Who We Be

We are a music collective devoted to healing our communities from traumas past.

We have all been musicians since the womb. We first began drumming together under Intuitive African Dance and Drum Culture, an organization dedicated to preserving the art and science of West African Drum and Dance. We have performed at venues all over Houston, learning from many different teachers and musicians. We have seen the power that music has, and how it can change people’s lives for the better.

In 2018, we decided to hone in our skills so that we may be a force of strength and healing for our community, and for people all over the world.

Minkah Readus – Djembe

Minkah was introduced to West African drumming in New Orleans when his mother Tracie Jackson took dance classes while pregnant at Tulane University under Mama Ausettua. Early on he showed great potential as a drummer, and was drumming for different groups in New Orleans, and later in Houston.

Minkah has developed a true passion for his craft. He hopes to travel to Guinea and Mali to study more in depth with the masters. In his spare time, Minkah enjoys boxing, exercising, aiming to develop himself in any way that he can.

Ola Madzimoyo – Conga/Djembe

Ola has been tapping his hands since the womb. Originally from Tallahassee, he has moved back and forth between Houston and Atlanta, where he has been influenced by the sounds of Haitian, Cuban, and Yoruba rhythms. The youngest of the trio, Ola shows tremendous flair on the Djembe and the conga.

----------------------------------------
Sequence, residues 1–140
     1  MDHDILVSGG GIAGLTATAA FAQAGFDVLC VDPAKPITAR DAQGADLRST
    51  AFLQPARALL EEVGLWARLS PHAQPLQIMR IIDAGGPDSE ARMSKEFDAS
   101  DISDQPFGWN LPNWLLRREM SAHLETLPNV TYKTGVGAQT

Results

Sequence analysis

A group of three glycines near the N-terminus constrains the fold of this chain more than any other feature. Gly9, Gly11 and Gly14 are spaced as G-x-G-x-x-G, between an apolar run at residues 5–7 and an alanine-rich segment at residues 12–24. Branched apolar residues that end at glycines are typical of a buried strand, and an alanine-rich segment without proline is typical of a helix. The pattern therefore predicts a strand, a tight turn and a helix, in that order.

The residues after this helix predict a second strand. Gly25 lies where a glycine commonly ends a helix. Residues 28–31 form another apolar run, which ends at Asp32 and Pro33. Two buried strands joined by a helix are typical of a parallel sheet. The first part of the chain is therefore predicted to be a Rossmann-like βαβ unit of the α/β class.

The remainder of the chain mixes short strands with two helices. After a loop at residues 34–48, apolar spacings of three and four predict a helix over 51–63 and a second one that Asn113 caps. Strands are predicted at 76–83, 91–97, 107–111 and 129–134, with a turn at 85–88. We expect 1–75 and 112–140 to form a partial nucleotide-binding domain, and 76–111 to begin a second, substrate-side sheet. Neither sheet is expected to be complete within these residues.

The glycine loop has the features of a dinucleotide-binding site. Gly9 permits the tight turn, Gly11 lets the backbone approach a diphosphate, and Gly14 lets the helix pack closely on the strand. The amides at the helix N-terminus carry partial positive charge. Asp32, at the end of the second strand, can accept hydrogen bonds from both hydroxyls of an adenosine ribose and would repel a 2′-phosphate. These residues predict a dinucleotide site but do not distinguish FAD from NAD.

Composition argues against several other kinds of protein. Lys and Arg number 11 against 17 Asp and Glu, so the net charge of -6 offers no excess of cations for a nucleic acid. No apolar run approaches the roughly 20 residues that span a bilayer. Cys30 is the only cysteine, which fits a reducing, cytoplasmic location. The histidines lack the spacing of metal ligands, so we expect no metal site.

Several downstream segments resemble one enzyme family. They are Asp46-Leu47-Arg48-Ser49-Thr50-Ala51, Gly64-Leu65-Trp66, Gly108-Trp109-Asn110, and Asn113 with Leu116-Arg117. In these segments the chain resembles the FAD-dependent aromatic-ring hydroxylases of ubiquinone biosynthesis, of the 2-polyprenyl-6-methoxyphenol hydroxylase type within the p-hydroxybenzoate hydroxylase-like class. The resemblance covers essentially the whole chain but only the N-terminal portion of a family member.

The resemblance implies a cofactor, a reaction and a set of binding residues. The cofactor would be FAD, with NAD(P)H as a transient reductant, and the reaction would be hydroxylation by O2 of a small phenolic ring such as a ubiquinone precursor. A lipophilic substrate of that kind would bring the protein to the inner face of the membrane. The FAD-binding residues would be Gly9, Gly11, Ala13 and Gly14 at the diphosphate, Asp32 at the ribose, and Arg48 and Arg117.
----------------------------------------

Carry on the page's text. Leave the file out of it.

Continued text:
Ola seeks to share his gift with the world, showing others the cultural significance and the power that comes with Afrikan drumming.

Tarami Readus – DunDun

Tarami was introduced to this art form alongside his brother Minkah Readus in Mama Ausettua’s Dance class at Tulane University. He has learned to play the djembe, but his specialty is the DunDun drum family.

Tarami has always loved the drums, but it wasn’t until much later that he saw the healing power that the drums had. He saw the need to re-introduce this art form back into African-American culture as a way to provide a means of healing and release for the African-American community.

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